The GOP's Extended Primary: It Isn't Like Obama vs. Clinton

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The Democrats were deciding which historic nominee excited them most. Republicans can't decide who depresses them least.

Mitt Romney at McDonnell office - AP Photo:Pablo Martinez Monsivais - banner.jpg

Asked if they're worried by the extended primary contest between Mitt Romney and Rick Santorum, a lot of Republicans are playing it cool. Said Senator Mitch McConnell, "It's reminiscent of the contest between Obama and Clinton. That didn't seem to have done Democrats any harm in the general election, and I don't think this contest is going to do us any harm either."

But the GOP contest is actually very different from Obama versus Clinton. In 2008, there was no incumbent. Insofar as progressives demanded that a candidate take a position to prove his or her bona fides, it was opposition to the Iraq War, which a majority of Americans had already turned against. On health care, Obama opposed an individual mandate, calculating that he'd benefit from a more centrist position. What else separated the pols? Clinton argued that she had more experience and was better prepared to take a "3 a.m phone call;" Obama retorted that his judgment was superior, as evidenced by his early opposition to the Iraq War. The two also disagreed about the nature of Washington, D.C. Obama argued that fundamentally reforming the system was a prerequisite for the substantive changes he desired, whereas Clinton argued that realism demanded working within the system, and that she'd excel at doing so.

These matters weren't deal-breakers.

In contrast, Romney and Santorum are proving their bona fides to conservatives by invoking positions and rhetoric likely to hurt them in a general election, whether it's the former talking about how he is "severely conservative," or the latter insisting contraception isn't okay, even if it should remain legal. Neither candidate has a base of supporters anywhere near as sizable or enthusiastic as Obama or Clinton. Perhaps most importantly, neither Clinton nor Obama were insisting that their opponent was a fraud and a phony. Insofar as Romney and Santorum are accurate in their attacks, it is a deal-breaker for some Republicans.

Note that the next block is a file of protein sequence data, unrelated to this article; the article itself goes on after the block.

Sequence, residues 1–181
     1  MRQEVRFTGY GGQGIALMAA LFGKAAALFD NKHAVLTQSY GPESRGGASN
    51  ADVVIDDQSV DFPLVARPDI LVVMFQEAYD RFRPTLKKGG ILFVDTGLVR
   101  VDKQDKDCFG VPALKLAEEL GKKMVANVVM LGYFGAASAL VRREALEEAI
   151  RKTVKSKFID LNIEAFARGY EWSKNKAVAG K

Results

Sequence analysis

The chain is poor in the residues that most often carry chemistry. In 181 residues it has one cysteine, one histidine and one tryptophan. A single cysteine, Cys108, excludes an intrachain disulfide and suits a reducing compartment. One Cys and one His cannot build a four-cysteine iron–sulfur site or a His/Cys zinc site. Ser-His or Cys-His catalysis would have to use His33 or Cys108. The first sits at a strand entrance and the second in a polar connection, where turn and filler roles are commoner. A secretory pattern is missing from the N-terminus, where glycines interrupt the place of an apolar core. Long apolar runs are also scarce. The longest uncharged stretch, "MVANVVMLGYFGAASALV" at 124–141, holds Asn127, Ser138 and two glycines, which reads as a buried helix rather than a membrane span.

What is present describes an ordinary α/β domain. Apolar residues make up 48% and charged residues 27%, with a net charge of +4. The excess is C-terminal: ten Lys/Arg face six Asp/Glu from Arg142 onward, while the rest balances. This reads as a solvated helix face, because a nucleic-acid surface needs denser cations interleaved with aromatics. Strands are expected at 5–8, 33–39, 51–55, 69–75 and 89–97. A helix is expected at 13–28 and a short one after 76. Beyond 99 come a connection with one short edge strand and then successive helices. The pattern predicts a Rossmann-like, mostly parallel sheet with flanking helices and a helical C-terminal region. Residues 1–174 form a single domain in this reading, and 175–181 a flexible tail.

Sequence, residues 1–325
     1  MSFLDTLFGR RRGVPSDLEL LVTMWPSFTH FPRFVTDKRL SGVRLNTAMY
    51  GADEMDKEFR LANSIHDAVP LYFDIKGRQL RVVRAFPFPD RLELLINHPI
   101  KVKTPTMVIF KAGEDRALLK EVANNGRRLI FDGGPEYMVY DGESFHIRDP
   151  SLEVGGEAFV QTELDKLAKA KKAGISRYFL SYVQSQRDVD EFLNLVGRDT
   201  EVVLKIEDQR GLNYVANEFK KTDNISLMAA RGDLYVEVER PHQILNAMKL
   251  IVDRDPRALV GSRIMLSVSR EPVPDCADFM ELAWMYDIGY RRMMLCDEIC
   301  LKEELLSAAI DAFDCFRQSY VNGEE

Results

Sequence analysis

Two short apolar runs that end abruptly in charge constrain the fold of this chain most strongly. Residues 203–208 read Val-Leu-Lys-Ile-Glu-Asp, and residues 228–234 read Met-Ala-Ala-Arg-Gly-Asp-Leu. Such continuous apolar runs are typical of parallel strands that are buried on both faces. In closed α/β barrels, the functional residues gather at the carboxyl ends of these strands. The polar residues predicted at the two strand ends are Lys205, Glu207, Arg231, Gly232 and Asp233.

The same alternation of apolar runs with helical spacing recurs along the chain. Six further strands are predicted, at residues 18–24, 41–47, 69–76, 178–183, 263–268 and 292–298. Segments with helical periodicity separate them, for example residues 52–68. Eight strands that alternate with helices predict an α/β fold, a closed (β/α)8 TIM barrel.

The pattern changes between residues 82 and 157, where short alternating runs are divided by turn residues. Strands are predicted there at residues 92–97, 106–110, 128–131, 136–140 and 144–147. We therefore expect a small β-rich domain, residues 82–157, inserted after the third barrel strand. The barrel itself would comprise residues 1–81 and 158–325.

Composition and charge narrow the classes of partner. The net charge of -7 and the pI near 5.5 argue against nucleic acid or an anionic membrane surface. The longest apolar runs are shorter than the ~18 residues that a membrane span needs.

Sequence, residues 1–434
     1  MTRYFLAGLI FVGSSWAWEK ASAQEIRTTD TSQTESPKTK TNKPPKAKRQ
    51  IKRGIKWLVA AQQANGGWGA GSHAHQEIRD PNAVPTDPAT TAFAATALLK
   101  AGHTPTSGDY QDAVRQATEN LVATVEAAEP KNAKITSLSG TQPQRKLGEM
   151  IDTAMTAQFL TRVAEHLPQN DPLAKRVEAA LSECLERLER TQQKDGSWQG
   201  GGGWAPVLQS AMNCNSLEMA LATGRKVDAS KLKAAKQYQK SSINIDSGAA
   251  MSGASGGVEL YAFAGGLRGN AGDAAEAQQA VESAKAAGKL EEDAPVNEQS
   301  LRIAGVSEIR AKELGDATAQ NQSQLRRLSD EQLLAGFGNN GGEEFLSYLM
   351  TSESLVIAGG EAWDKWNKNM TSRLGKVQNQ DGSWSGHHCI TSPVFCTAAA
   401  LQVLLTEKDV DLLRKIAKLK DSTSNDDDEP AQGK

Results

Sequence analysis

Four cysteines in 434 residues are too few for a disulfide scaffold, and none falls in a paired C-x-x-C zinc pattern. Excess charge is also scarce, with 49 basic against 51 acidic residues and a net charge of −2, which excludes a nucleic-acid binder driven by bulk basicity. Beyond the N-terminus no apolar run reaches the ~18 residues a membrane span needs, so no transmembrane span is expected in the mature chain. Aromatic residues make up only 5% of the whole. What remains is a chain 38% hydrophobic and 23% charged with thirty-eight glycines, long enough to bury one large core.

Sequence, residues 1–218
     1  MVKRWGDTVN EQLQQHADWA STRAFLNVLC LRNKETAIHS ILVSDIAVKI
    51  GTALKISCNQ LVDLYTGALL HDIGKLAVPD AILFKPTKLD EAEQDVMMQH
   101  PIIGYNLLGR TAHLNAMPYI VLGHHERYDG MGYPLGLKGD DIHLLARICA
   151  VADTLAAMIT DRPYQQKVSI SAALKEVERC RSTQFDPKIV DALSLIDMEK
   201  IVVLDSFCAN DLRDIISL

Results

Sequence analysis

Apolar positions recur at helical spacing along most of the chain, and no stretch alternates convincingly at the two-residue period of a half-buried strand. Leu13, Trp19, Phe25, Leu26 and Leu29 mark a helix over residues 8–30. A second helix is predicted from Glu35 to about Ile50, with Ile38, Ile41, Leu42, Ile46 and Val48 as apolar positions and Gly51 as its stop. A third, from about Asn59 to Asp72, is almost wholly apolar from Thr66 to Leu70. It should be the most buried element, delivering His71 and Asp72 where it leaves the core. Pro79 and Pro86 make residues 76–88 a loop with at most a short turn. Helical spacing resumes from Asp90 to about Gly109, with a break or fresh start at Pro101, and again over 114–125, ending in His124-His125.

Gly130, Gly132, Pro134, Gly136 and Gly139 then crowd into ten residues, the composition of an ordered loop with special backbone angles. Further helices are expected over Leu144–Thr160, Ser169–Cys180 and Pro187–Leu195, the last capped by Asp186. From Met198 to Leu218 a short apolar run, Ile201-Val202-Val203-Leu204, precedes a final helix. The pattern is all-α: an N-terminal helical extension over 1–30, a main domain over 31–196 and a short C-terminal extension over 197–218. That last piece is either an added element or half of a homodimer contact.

Thus the counter-narrative, as articulated by John Heilemann:

...the Democratic tussle in 2008, which featured two undisputed heavyweights with few ideological discrepancies between them, may be an exception that proves the rule. Certainly Republican history suggests as much: Think of 1964 and the scrap between the forces aligned with Barry Goldwater and Nelson Rockefeller, or 1976, between backers of Gerald Ford and Ronald Reagan. On both occasions, the result was identical: a party disunited, a nominee debilitated, a general election down the crapper.

With such precedents in mind, many Republicans are already looking past 2012. If either Romney or Santorum gains the nomination and then falls before Obama, flubbing an election that just months ago seemed eminently winnable, it will unleash a GOP apocalypse on November 7--followed by an epic struggle between the regulars and red-hots to refashion the party. And make no mistake: A loss is what the GOP's political class now expects.

In related news, betting on an Obama victory is getting more expensive on InTrade:

intrade obama reelection.png

We're still early in Election 2012. Anything could happen. But Republicans shouldn't comfort themselves by looking to 2008 as a precedent for their eventual victory. The necessary parallels just aren't there.

Image credit: Reuters
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Conor Friedersdorf is a staff writer at The Atlantic, where he focuses on politics and national affairs. He lives in Venice, California, and is the founding editor of The Best of Journalism, a newsletter devoted to exceptional nonfiction.

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